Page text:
I mentioned in a previous post that I’d tell you later about attachment.
I had a conversation with a student today that made “later” now.
Human infants are utterly dependent on their adult caregivers. They can’t run away from predators or wash themselves to prevent infection or even thermoregulate particularly well – leave a baby on the ground and it will just freeze to death overnight, unless a lion eats it first.
And babies are a pain in the ass. They’re loud, they produce noisome fluids, they wake you up in the middle of the night, they’re heavy and need to be carried all the time, and if they weren’t so fuckin’ cute you’d leave them by the side of the road.
In order to keep caregivers giving care in the face of horrible fluids, sleep deprivation, and the assassination of their sex lives, evolution in its wisdom has installed in mammals an “attachment” mechanism that bonds adult caregivers and offspring. The more dependent the offspring and the longer the dependency, the more powerful the attachment system. Humans have the most dependent offspring and the longest dependency (relative to lifespan) of any species. So boy howdy do we attach.
Here’s how it works, roughly: baby comes out, mom is flooded with oxytocin, and the adorable face, cuddly warm body, and tiny little hands hook into her heart and she’s linked forever and ever to this new life. The baby takes about 3 months to attach to an adult caregiver, and he’ll attach to whoever shows up when he cries. I previously described the 4-stage process that the baby goes through (proximity seeking, safe haven, separation anxiety, secure base).
Fast forward 12 years. Baby crosses into adolescence and, in a way that’s not clearly understood, the attachment system gets coopted from caregiver to romantic partner. We engage in the same behaviors – “attachment behaviors” – with our potential romantic partners as caregivers do with infants, like eye contact, hand holding, face stroking, smiling, hair touching… also, sex gets added to the repertoire.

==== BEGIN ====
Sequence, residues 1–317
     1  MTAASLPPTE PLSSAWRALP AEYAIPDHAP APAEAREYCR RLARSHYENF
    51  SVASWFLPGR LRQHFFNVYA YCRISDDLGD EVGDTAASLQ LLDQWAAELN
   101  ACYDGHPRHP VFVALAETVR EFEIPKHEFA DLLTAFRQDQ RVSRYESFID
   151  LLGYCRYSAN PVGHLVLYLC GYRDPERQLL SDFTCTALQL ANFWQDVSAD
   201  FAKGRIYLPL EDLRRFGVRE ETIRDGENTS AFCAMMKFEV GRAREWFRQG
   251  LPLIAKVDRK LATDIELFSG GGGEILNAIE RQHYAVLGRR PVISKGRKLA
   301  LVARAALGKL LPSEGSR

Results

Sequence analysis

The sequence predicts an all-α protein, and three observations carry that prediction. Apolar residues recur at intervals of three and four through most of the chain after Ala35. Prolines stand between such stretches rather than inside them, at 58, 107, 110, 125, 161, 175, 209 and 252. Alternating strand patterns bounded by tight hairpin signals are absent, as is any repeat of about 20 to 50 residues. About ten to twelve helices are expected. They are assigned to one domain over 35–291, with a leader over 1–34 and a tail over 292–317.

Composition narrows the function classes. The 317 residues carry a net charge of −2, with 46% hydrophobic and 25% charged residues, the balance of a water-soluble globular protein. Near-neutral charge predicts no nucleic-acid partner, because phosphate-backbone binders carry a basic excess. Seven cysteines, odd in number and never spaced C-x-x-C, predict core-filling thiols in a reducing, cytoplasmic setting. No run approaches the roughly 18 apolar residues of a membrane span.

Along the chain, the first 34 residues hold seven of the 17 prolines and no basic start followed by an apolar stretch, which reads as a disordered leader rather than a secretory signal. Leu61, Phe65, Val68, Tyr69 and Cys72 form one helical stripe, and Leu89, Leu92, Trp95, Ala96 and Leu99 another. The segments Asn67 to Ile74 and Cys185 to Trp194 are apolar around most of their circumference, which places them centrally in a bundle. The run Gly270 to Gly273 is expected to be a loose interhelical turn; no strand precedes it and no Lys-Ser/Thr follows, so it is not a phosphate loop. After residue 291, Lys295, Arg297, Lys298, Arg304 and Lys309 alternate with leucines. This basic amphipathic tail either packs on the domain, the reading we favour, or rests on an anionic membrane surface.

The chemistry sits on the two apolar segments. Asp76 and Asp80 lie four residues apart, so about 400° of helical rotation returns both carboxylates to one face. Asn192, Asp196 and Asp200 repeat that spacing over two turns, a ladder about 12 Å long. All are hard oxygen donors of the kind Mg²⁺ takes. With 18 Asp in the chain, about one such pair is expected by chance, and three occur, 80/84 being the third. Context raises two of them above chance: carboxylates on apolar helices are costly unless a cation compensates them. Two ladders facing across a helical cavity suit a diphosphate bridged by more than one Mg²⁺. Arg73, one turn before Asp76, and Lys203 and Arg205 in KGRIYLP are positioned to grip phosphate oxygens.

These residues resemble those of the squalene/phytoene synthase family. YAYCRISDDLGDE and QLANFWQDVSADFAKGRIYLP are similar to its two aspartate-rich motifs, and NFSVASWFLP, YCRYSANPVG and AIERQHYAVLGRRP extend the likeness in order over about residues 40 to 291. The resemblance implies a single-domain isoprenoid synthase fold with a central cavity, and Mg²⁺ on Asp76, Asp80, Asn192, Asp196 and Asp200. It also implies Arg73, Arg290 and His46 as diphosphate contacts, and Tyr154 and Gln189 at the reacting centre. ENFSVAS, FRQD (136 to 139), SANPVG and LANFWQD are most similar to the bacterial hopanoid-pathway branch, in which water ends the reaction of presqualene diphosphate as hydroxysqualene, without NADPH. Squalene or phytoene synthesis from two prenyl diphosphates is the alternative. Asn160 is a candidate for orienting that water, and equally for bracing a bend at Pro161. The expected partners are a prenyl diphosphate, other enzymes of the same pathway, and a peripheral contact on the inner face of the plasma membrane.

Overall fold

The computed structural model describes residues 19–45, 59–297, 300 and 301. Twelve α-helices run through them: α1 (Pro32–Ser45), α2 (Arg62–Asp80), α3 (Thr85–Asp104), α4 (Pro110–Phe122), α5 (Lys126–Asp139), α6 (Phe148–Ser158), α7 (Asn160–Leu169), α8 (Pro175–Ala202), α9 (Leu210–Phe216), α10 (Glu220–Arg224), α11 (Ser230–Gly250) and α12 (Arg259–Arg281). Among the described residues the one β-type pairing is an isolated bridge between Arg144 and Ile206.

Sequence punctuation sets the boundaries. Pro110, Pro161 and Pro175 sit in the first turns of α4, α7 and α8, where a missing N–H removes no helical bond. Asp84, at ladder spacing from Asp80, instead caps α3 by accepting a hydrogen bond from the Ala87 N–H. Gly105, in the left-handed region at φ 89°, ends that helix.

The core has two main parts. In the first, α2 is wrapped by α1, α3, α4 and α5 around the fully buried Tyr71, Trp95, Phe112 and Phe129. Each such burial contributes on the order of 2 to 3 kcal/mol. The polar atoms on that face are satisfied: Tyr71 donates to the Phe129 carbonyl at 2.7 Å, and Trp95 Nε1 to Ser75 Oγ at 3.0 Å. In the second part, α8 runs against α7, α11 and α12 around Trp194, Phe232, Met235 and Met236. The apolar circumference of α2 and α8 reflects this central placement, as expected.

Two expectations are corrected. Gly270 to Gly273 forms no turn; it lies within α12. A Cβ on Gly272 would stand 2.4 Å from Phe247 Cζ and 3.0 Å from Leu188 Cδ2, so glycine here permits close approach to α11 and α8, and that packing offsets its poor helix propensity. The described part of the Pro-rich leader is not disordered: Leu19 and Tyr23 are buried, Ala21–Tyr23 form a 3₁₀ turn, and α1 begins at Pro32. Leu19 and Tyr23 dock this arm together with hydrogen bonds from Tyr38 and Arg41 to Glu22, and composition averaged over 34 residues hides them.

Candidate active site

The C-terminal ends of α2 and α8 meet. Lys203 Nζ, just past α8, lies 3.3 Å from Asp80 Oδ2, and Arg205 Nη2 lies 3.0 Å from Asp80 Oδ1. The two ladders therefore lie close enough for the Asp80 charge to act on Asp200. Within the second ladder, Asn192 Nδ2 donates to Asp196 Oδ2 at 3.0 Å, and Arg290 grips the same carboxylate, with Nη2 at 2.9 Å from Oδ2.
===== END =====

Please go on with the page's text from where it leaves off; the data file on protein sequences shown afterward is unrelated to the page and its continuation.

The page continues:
You’ll recognize the experience of attachment, probably: you feel connected to the other person. When things go wrong, you want to tell the person all about it. When the person goes away, you feel physical pain. Wherever that person is, that’s your home.
This is the point at which romantic comedies end.
But in my experience what people find most helpful about this information is that it explains why it hurts so much when someone leaves you, long after the romantic comedy of your life is over.
See, when we’re infants, our lives quite literally depend on our adult caregiver coming when we need them. We would die without them – literally DIE. Well when you’re an adult your life doesn’t actually depend on your partner, but your biology doesn’t know that, so when you get dumped it feels like someone cracked open your ribcage and tore through your heart so that your blood gushes out onto the floor for you to slip on and fall in so you look like an idiot WHILE you rapidly bleed to death.
You don’t actually die, you just want to.
(So much for 1st Corinthians.)